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Now that AngularJS 1.0 is released I am wondering how this project fits together with the other general-purpose JavaScript framework / tool from Google, Closure.

I have only seen basic description of those two technologies (and read about a half of the book on Closure) so I have no direct experience but this is how it looks to me:

  • Closure is a set of technologies that can be used separately. What I find probably the most appealing is:
    • Closure Compiler which seems to "fix JavaScript" in a sense that it warns against typical issues, provides some compile-time checks (not all people like this but probably most Google developers do, and I do too). And of course it's nice that the resulting code is smaller and more efficient.
    • Then there are some parts of Closure Library that I like, e.g. abstractions over built-in types (ArrayLike etc.), class-based system, eventing mechanism, DOM abstractions etc. I'm not sure yet if I like the GUI library or not (seems to be quite complex and I didn't really have time to study it yet).
    • Then there are some features that I don't think I would find that useful, e.g. Templates.
  • AngularJS, which I've only read briefly about, seems to be much higher-level than Closure. It seems to be an application framework providing features like data binding, reusable components, MVC structure etc.

So these two technologies seem to be aimed at quite a different level of abstraction so my first thought was, can they be used together? Closure providing low-level compiler and browser abstractions while Angular providing application-level services and structure? Would it make sense and would it work well together?

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2 Answers

The only Google project I'm aware of that uses AngularJS is the DoubleClick team. Essentially, they still use Google Closure Library for everything but the UI building [1]. Also note that they use Google Closure Compiler, but that's almost a given, "nobody" uses only the Library without the Compiler.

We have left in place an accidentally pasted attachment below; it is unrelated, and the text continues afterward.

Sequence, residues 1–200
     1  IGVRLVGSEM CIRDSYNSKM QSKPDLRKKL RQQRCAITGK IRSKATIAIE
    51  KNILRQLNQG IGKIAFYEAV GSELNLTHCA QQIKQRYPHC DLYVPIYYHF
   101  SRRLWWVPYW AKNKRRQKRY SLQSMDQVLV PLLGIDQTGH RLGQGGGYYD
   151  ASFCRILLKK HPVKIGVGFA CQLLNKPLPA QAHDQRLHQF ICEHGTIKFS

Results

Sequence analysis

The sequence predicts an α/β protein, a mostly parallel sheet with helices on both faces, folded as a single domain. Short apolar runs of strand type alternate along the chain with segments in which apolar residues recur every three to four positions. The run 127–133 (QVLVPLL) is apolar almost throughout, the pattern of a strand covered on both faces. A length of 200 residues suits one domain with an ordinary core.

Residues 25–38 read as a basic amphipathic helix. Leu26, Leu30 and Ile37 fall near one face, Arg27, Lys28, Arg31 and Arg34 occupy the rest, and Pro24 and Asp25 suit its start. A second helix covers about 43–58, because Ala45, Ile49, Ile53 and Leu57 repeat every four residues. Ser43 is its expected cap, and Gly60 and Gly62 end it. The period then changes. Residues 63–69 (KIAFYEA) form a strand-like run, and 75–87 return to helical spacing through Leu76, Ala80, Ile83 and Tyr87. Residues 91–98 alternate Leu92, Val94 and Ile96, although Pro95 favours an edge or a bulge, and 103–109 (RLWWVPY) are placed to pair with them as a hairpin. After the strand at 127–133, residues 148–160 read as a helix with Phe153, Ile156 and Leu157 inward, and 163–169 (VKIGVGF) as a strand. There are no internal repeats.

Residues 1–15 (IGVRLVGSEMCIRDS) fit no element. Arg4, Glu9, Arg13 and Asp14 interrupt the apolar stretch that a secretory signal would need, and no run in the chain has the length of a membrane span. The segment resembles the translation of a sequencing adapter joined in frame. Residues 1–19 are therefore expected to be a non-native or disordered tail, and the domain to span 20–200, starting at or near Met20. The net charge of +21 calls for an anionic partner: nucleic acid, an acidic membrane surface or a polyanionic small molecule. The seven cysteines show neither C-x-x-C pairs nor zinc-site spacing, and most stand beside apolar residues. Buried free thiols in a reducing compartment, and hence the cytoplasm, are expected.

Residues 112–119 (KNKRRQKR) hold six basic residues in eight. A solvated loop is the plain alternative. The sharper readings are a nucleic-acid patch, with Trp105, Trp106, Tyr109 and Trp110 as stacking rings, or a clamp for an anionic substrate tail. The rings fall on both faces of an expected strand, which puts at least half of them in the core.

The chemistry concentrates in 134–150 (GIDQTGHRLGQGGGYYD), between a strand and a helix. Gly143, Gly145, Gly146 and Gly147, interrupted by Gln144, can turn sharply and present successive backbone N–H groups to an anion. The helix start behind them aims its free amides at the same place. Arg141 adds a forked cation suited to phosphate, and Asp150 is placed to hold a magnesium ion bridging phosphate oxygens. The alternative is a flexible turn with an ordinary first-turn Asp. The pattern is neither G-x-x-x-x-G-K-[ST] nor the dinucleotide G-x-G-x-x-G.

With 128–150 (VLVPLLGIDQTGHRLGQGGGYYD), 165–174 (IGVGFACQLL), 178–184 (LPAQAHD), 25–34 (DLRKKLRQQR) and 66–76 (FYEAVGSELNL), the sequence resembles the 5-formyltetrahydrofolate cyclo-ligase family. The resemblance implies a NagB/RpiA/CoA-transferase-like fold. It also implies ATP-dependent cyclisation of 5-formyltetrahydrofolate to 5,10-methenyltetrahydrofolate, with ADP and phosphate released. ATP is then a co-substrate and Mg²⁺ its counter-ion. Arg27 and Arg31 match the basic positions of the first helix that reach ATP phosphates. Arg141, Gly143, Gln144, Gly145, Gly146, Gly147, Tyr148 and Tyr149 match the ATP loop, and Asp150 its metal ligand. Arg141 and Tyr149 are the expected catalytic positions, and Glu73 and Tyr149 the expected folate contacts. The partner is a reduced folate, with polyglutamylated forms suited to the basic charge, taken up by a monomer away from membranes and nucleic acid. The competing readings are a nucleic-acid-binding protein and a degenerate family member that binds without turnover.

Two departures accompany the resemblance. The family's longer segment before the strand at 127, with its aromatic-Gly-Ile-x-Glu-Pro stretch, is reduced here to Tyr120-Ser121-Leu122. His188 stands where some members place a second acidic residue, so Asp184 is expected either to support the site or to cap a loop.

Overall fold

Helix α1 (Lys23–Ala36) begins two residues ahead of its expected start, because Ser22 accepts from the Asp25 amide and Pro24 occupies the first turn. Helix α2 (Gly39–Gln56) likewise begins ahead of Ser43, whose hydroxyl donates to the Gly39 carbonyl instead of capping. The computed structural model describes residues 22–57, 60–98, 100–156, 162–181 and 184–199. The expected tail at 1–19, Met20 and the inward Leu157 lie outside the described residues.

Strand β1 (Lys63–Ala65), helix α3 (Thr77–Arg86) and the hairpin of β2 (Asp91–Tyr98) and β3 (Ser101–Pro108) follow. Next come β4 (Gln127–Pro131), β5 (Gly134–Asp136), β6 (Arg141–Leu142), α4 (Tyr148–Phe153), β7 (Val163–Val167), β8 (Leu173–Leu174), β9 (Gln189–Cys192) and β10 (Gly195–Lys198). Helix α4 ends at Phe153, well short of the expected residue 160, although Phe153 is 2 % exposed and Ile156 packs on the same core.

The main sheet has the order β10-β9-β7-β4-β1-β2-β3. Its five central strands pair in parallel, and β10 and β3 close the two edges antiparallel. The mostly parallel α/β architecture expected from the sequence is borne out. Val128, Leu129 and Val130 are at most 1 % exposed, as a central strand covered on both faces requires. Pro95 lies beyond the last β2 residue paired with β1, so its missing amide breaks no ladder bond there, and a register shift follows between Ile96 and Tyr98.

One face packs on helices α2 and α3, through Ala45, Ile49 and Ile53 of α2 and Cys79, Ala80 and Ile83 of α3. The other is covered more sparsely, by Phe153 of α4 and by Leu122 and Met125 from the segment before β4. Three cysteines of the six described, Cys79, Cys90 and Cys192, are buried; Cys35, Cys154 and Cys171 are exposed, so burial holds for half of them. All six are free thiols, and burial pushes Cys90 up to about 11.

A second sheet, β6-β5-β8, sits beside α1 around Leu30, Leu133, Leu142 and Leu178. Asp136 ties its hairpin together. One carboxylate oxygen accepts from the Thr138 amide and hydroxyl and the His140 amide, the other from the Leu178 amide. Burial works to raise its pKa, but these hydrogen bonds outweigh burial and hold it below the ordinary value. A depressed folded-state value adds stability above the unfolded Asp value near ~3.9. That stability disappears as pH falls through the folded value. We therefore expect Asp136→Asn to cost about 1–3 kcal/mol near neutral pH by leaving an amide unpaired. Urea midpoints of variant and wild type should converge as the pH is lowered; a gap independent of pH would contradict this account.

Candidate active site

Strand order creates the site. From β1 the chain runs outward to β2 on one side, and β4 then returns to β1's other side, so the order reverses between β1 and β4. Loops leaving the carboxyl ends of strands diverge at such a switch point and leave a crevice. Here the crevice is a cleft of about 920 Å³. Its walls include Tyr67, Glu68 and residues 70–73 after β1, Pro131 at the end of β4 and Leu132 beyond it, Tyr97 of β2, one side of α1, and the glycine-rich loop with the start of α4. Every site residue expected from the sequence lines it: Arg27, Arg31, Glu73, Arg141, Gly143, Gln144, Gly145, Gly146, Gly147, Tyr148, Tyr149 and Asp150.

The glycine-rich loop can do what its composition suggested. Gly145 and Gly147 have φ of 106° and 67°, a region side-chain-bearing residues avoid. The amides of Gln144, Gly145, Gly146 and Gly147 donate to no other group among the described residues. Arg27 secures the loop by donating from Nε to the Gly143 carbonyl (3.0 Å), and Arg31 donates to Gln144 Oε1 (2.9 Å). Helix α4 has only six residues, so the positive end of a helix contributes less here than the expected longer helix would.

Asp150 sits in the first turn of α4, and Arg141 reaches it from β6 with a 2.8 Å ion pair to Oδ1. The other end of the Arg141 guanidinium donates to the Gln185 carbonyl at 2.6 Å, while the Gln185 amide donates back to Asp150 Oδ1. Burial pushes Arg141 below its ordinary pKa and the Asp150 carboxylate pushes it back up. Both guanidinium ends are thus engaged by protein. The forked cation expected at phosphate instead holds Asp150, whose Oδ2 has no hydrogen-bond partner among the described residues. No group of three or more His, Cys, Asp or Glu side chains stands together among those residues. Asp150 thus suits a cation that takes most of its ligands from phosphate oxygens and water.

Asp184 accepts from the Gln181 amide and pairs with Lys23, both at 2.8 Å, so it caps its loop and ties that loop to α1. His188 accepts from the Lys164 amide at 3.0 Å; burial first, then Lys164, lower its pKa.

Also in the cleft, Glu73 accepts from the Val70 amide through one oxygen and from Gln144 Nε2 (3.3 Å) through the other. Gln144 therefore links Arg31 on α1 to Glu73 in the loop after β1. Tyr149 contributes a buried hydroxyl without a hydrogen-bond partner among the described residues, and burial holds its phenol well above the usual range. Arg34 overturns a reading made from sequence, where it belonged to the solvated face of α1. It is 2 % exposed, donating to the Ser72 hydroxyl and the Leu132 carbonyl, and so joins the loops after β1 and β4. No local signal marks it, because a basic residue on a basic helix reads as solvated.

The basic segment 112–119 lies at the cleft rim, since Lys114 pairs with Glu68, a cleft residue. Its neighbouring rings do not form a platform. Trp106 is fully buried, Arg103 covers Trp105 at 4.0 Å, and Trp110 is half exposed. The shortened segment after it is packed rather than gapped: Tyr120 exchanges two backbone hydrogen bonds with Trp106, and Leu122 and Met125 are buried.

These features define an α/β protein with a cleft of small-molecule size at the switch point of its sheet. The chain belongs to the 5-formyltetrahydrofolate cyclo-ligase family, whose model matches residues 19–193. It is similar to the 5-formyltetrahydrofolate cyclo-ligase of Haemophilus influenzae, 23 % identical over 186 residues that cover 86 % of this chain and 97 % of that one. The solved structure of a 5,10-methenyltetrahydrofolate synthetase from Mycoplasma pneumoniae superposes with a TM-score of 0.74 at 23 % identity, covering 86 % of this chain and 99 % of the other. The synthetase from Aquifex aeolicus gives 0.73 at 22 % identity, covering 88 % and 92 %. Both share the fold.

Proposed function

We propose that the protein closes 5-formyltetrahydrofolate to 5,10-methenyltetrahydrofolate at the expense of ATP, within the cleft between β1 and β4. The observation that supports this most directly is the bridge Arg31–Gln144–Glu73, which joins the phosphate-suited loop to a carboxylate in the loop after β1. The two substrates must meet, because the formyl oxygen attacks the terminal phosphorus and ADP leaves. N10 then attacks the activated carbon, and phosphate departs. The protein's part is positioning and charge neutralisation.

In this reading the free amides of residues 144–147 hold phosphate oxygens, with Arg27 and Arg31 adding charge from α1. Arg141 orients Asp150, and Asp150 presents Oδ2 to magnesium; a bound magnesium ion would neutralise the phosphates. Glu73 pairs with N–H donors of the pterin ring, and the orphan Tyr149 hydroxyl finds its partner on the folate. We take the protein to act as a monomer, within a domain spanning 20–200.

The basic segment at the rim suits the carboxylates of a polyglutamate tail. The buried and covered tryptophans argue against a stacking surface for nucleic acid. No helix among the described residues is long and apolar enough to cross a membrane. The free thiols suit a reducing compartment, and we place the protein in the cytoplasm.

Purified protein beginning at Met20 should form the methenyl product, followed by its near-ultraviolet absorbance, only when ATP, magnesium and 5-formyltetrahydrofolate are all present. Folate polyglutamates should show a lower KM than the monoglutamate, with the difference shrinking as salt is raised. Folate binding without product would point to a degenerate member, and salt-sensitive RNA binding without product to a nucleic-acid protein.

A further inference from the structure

Google Closure Library comes with a UI framework in its goog.ui namespace. This framework compares in almost every way to non-we UI frameworks like Android, iOS, Swing and QT. They have a thing I like to call DOM elements on steroids, goog.ui.Component, which has lots of great life cycle mechanisms for garbage collection and event listening and more. You have things like goog.ui.Control, which is a subclass of goog.ui.Component, and handles user interaction in a very interesting way. It lets you plug renderers, for example, so you can change a <button> to an <a> without changing any of your other logic except the actual rendering.

Speaking of classes and subclasses, Google Closure Library also has this. You don't have to use the built-in one, the important part is that you somehow call the prototype of the "superclass" in your methods. You can for example use the class system in CoffeeScript, Google Closure Library doesn't care.

The reason the DoubleClick team chose AngularJS was apparently largely because of the data binding features AngularJS provides. [2] There's nothing built-in in Google Closure Library to automatically update the UI when data changes.

So to summarize, Google Closure is a huuuuge beast, and AngularJS can replace the goog.ui part of the Google Closure Library.

[1] http://www.youtube.com/watch?feature=player_detailpage&v=OkCik7SE3po [2] https://groups.google.com/d/topic/closure-library-discuss/C87SV9f0p6o/discussion

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I think that is a big plus for Angular, the free 2-way model/ui binding. Gary Bernhardt talks about how well-designed Closure is. –  Steven Almeroth Jul 1 at 2:24
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I think AngularJS is more like a solid MVC/MVVM framework and Closure Library is a set of loose components, although both AngularJS Templates and Closure Templates have much in common.

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